• Do not enter other house spaces like bedrooms, kitchen, and studios unless you are invited to.

Gift Giving

  • Gifts are given on special occasions such as one’s birthday, Christmas Day, Epiphany, christenings, and weddings.
  • Sometimes people may ask for ‘lluvia de sobres’, literally translated as “envelopes rain,” which is giving money to the person in an envelope.
  • In Colombia, the 15th birthday of a girl is considered a significant milestone.
  • If giving flowers, avoid lilies, marigolds or other yellow flowers. They are used at funerals.
  • Imported alcohol (spirits), expensive chocolates or specialized products unavailable in Colombia usually make good gifts.
  • Gifts are not usually opened in front of the person who gave them.


There are many “cultural norms” and customs when it comes to dating Colombians. That’s why we wrote a complete article for you to learn the Colombian art of dating: “All you need to know to flirt and date with Colombians“.

For now, we can give you some quick tips:

  • Colombian society is still somehow traditional. Typically men are those you ask women out, and they are expected to pay.
  • It is considered polite when men open doors for women.
  • Always keep your manners.
  • Get a good perfume or cologne. Colombians love that! Try always to smell good.
    Cliché, but if you are a guy, be on time but don’t expect her to do the same.
    Say “gracias” after the date.

We also have designed a unique class “Spanish for Dating and Relationships“. Check it out!

Business Meetings

  • Shake hands with everyone when entering or leaving a room. If you already know the people you are having the meeting with, don’t be surprised if they greet you with a kiss on the cheek. To avoid misunderstandings, keep it formal and don’t kiss someone on the cheek unless the other person does so.
  • When it comes to business meetings, Colombians are generally punctual. If you are running late, notify the counterpart in advance; they will appreciate it.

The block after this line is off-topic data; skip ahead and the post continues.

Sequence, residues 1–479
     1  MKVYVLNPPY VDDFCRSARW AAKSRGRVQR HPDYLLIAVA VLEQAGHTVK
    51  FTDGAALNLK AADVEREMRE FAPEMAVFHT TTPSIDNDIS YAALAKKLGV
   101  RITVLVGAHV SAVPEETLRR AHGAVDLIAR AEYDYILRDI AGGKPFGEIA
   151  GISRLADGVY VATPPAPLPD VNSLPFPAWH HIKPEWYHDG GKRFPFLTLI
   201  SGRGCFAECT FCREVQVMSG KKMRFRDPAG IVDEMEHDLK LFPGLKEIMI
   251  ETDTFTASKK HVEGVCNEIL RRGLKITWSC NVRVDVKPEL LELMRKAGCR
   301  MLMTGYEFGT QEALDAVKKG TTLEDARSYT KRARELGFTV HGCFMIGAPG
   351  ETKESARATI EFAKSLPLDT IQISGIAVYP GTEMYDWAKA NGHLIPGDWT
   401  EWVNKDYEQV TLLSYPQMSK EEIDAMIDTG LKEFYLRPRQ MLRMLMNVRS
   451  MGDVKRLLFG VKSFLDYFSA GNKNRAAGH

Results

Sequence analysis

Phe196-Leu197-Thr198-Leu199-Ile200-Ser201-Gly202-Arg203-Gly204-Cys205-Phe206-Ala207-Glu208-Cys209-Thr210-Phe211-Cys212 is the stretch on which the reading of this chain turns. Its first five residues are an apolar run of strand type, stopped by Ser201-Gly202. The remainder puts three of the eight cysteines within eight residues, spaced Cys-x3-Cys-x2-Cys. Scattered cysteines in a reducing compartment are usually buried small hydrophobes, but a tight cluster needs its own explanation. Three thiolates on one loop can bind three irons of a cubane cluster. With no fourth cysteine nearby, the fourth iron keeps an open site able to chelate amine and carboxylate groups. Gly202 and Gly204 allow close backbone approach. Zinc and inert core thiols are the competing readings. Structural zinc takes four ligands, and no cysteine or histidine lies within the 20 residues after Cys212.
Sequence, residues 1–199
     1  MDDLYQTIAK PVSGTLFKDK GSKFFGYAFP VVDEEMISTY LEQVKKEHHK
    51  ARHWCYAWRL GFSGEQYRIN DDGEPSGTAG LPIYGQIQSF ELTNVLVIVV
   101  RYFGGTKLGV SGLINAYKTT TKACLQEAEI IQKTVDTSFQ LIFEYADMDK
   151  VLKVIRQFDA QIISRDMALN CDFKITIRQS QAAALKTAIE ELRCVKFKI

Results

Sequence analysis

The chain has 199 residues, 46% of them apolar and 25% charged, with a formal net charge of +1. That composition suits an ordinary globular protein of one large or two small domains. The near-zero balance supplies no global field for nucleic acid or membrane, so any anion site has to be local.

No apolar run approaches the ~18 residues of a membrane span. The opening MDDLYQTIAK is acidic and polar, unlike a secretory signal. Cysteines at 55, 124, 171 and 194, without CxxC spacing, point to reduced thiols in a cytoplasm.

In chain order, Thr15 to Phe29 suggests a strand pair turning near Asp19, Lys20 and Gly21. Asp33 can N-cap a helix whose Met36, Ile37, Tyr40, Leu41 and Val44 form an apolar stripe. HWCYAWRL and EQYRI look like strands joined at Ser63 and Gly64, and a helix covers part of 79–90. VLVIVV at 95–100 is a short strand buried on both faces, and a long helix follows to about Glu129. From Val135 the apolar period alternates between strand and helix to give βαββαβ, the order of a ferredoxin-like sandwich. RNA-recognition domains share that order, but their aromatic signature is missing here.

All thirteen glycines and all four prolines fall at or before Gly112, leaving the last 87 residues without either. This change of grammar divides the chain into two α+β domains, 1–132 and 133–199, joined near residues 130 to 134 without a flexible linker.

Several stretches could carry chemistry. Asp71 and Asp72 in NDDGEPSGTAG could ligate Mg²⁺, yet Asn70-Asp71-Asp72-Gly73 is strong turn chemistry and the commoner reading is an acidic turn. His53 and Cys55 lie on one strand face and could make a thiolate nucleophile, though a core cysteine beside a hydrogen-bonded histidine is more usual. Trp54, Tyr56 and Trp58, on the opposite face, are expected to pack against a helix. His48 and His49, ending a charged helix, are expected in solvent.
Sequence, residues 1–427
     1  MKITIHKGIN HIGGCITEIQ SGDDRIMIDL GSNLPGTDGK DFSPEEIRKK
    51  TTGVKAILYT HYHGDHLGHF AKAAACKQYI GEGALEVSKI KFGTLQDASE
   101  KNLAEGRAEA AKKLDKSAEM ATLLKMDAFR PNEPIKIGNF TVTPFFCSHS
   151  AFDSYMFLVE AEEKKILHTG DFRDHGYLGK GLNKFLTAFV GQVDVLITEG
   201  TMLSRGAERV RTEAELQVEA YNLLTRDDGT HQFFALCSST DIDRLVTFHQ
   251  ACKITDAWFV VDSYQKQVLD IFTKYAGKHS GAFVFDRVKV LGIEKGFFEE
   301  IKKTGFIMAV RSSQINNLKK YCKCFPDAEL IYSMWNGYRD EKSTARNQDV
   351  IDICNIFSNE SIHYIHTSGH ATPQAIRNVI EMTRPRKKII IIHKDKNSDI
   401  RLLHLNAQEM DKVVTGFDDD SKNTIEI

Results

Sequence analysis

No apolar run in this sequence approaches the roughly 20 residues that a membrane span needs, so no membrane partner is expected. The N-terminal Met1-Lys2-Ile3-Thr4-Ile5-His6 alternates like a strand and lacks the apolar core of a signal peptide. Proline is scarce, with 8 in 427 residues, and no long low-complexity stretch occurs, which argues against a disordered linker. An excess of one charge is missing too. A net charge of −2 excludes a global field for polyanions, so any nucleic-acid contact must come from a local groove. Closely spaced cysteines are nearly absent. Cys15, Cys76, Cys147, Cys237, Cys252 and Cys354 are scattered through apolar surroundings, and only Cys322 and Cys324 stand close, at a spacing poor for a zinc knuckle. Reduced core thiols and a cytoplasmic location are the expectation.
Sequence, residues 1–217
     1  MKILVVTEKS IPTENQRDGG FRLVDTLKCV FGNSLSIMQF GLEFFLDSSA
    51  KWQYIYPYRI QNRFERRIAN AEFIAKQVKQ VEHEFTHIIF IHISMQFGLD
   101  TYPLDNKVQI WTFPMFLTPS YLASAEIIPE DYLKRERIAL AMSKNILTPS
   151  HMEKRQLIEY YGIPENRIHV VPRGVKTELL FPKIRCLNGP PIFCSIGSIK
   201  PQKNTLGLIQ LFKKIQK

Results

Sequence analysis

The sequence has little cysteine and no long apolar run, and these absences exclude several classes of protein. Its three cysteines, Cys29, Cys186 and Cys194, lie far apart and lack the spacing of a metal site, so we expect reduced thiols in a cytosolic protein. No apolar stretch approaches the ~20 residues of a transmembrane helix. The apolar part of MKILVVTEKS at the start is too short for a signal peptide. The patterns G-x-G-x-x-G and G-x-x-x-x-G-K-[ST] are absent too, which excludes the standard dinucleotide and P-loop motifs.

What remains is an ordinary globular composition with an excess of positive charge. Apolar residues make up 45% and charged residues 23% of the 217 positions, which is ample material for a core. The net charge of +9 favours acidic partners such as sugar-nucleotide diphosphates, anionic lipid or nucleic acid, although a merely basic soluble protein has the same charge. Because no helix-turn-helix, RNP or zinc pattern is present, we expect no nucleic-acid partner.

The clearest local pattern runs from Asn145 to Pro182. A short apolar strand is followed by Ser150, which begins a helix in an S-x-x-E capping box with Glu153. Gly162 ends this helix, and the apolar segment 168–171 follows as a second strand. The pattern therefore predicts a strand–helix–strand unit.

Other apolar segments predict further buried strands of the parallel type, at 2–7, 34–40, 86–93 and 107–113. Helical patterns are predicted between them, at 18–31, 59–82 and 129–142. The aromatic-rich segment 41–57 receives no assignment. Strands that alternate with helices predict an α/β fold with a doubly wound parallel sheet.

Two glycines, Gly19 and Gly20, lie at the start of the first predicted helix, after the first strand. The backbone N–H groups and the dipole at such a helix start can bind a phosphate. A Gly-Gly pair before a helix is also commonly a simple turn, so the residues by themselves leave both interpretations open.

• Colombians like to talk, and therefore do not expect any meeting to be over quickly, as there will be a lot of small talks and general chats before getting down to the task at hand. Colombians want to know you personally before they do business with you. You must develop a relationship with your counterparts before they consider you trustworthy.
  • Always allow your Colombian counterparts to bring up the subject of business. Be aware that this may take a while.
  • Follow up a meeting by sending an e-mail summarizing the main points and what was agreed upon.
  • It may take several trips to complete a business transaction. Colombians prefer to do business in person.
  • Maintain eye contact during conversations.
  • Contracts may be long and detailed. Put the key aspects of agreed-upon points in writing.
  • Schedule meetings at least a couple of weeks in advance, although the agenda will likely remain fluid until very soon beforehand.
  • If you do not speak Spanish, do not assume that everyone you are meeting with will speak English.
  • Business in Colombia is generally carried out in quite a conservative manner, so expect to see traditional office hierarchies, with most decisions being made by more senior people.

We hope you find these bits of advice helpful! We all have different traditions and customs; it is very important to acknowledge and respect them. It’s always OK to ask your friends, colleagues or just any Colombian if you are not sure about certain behavior, they would appreciate it more if you ask before, and they will gladly explain why things are done this way.

If you want to learn more about the Spanish language and Colombian culture, join our online or in-person classes in Bogota. Also, follow our bi-weekly Blog and Social Media.